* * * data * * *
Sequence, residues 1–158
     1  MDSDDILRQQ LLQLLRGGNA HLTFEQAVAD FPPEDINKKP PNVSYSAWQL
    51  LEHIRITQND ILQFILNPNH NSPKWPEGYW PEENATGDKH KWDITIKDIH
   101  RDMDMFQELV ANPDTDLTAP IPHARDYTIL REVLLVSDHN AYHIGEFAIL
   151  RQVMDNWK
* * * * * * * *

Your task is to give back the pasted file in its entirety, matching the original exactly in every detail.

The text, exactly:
Sequence, residues 1–158
     1  MDSDDILRQQ LLQLLRGGNA HLTFEQAVAD FPPEDINKKP PNVSYSAWQL
    51  LEHIRITQND ILQFILNPNH NSPKWPEGYW PEENATGDKH KWDITIKDIH
   101  RDMDMFQELV ANPDTDLTAP IPHARDYTIL REVLLVSDHN AYHIGEFAIL
   151  RQVMDNWK